The Big Bang Theory
Don't Forget the Lyrics
I Hate My 30's
The Sarah Silverman Program
Thank God You're Here
Wednesday, December 05, 2007
My friends all know it. BBQ sauce is almost as bad. Mayo is acceptable,but horseradish? Um, no. I find most marinara sauce to be a sad, watery excuse for Italian food, but I hate ketchup and mustard the most. Once I was at McDonald's with my mom and we were grabbing food for a bunch of people. I reached for a straw or a lid and my shirt sleeve got a small bleech of ketchup on it. I was horrified, especially when I looked around the "dining room" to see there were no napkins in sight. I ended up using a small piece that I ripped off one of the bags.
My nightmare job would be to have to clean up or refill condiment dispensers. Errant globs of ketchup or mustard make me recoil. I rarely eat burgers, so I don't have to worry too much about ketchup, but many places have begun putting mustard on chicken and turkey sandwiches. Arby's is the main offender here, so now I have to ask the cashier what sauce comes on a sandwich. If it's not mayo, please skip it!
Tuesday, December 04, 2007
Monday, December 03, 2007
Sunday, December 02, 2007
The main columns I read are Dear Abby, Dear Prudence and Carolyn Hax’s Tell Me About It. These all follow the pattern of a columnist/expert responding to reader’s pleas for help and guidance. Often they will print another reader’s response to a previous answer, but rarely do discussions continue beyond that. There are recurring problems and the writers do a decent job of rephrasing the same advice to readers over and over again. I like how Ms. Hax seems to draw from a set of rules that favor being straightforward and fair to others, while also being honest with yourself about your needs.
Aside from the typical advice column, there are online communities that exist for members to post their problems and have the rest of the community respond to them. I find myself on Yahoo Answers and Ask Metafilter most often. These sites have a different dynamic, since people who are answering the question are able to read several previous answers to the question. This often results in them refuting or responding to a previous answer and not always answering the original question. Since you have a wider panel of answerers than the columns, the community answers show you different points of view that can be helpful, but they can easily fall into an ‘us vs. them’ mentality.
Why is this my guilty pleasure? I see it as a way to enhance my social skills and emotional intelligence without having to expend social energy. I’m an introvert and find social situations pretty demanding on my energy level. Although I do watch a lot of television and movies and read many novels, I don’t think I get the same sort of wisdom from them. In a fictional story, the writer is trying to keep your interest and advance the plot. A single person or a small group writes most of the characters and dialogue. Characters make decisions and act in ways that may be artificial or just unusual.
If I can read about real life situations and people’s actual responses to them, I can reflect on how I’d respond in the same situation. When I have to make hard or important decisions, I try to learn from the mistakes and triumphs of people who have gone before me. Before I read advice columns all the time, my knowledge was limited to those I knew personally. Now I have the benefit of having read through many other people’s views on the subject, as well as their first-hand accounts of what exactly happened and what they have learned from it.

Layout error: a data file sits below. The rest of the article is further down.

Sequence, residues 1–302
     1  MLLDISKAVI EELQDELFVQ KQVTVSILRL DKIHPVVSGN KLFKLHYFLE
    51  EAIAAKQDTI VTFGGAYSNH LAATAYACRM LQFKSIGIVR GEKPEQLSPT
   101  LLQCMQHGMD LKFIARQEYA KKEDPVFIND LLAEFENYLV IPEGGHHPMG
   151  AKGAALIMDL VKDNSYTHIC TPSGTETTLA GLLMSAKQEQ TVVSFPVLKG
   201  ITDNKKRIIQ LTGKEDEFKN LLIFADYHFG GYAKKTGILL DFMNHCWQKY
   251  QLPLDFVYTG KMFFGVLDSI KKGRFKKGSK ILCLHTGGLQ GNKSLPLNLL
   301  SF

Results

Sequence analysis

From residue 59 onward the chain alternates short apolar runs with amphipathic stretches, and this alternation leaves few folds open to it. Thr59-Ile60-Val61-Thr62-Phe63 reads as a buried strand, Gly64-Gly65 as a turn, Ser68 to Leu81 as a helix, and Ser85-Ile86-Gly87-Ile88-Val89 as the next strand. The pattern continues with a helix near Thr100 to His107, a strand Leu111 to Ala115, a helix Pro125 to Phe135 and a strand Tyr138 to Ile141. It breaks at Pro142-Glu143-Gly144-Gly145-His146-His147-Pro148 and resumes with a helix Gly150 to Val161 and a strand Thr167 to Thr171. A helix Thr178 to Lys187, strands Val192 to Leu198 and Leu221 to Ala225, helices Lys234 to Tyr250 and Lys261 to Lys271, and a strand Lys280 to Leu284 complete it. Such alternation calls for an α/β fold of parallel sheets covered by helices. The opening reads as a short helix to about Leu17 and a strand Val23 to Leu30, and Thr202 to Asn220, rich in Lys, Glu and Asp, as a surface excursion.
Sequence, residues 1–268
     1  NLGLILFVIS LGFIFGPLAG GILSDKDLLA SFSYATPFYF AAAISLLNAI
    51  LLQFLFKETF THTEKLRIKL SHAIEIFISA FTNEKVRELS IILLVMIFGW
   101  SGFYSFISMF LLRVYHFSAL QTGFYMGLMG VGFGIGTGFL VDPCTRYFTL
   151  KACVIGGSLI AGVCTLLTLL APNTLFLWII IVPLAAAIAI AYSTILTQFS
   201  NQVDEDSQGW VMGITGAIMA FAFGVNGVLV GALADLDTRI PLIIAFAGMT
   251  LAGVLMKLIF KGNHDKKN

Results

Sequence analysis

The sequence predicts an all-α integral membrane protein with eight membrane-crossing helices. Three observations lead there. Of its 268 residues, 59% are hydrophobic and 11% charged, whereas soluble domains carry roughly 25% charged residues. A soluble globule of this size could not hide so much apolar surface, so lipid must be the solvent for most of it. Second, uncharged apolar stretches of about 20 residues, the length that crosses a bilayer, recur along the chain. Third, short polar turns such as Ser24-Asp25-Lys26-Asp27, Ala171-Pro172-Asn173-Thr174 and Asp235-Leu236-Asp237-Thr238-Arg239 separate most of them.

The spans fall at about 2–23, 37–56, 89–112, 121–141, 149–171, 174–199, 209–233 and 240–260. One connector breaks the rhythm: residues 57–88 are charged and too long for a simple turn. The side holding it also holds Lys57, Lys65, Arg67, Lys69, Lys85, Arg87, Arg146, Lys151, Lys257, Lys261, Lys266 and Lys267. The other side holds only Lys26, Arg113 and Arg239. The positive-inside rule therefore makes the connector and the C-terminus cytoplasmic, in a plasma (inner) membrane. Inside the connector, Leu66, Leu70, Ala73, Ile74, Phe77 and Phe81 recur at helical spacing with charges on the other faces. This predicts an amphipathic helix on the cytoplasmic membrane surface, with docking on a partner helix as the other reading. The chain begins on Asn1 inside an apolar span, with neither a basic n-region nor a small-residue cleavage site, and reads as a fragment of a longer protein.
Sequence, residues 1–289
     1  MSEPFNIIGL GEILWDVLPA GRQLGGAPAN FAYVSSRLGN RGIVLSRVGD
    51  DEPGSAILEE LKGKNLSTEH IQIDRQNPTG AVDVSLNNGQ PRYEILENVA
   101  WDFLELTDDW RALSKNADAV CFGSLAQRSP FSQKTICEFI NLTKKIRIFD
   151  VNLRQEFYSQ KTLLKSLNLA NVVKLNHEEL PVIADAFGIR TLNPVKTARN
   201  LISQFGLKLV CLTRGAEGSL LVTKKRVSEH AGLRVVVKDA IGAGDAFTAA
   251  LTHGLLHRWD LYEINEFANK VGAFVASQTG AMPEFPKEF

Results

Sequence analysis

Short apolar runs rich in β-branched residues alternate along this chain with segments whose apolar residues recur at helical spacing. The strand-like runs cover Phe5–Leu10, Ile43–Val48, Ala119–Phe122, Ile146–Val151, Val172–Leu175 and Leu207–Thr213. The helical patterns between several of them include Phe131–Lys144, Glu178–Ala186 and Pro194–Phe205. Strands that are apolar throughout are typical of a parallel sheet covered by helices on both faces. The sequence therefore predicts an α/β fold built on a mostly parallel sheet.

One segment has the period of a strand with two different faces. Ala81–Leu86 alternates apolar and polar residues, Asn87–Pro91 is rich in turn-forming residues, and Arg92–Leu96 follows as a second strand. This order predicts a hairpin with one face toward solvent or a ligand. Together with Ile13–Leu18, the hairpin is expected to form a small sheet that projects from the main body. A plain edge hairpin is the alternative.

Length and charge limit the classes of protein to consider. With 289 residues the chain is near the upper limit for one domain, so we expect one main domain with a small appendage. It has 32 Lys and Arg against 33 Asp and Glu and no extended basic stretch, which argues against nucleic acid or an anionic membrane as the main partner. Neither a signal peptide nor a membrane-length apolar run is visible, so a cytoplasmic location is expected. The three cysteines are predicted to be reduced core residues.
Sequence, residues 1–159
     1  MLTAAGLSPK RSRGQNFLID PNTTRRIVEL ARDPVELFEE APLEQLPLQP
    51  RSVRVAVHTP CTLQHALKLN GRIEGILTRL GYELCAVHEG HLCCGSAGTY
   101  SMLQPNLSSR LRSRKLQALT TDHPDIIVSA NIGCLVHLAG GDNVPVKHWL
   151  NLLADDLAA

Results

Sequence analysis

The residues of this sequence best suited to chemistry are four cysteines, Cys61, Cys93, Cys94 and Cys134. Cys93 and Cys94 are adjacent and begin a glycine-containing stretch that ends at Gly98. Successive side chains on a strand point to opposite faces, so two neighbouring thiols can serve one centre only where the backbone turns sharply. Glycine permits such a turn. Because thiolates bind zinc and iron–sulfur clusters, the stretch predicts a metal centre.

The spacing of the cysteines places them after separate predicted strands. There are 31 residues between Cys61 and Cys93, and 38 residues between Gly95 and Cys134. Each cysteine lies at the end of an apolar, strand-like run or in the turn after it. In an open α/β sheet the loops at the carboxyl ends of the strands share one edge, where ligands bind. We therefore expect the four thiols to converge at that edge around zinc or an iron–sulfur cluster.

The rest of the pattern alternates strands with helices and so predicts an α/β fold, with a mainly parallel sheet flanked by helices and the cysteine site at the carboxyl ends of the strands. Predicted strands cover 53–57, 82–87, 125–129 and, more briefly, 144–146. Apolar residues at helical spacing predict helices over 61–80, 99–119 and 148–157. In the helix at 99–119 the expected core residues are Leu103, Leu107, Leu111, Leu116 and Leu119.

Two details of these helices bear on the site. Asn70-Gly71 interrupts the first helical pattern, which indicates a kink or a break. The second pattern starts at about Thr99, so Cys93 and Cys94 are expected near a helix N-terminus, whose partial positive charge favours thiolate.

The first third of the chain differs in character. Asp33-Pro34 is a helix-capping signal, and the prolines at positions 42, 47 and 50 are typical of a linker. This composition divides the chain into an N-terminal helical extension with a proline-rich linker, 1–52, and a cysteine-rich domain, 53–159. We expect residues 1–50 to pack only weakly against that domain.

Saturday, December 01, 2007
My last apartment was a studio where I paid $590 per month and had a parking spot.
Before that, it was 2 different one bedrooms for like $660 with free parking.
My sister and I shared a 2 bedroom for around $850 with free parking.
I had a one bedroom with no parking, a shared 2 bedroom for around $690 and my first apartment was a studio for $315 (!) with no parking.
These have all been in Minneapolis, St. Louis Park or Hopkins and most included some sort of "pet rent".
Friday, November 16, 2007
The Passport drama lives on. As you may recall, back in May I had to go to a passport office in person to get one in time to leave the country. A few days later, UPS tried to deliver a passport to my house, but I was already on my trip so they returned the package to the Charleston office where my original application was processed. This all happened in mid-May.
Fast forward to early November, nearly six months later, and I get a letter in the mail with a return address of "US Government". They seem to think I received two passports, the one I got in Chicago and the one they mailed to me, and they'd like the one I got in Chicago back. They even go so far as to cite Federal statutes that say you can't have more than one valid passport and threaten that if I try to use the Chicago one I may be "detained by the Department of Homeland Security, Customs and Border Patrol." Remember, I never got the one they mailed to me, my Chicago one is the only one I have.
I call the number, that same evil number I had to call every day for two weeks in early May, and speak to the same woman who told me to mail them a letter to get my Birth Certificate back. She tells me I should mail them a letter to explain my situation. Why do you have a phone number, email addresses and a website if you are going to insist that every request is made in a letter? She also tells me that she can see that the original passport was returned to the Charleston office. I ask her why the people who sent me the letter can't see the same thing. She says, "Washington DC doesn't know it was returned." Okay, I guess computers haven't made it there yet.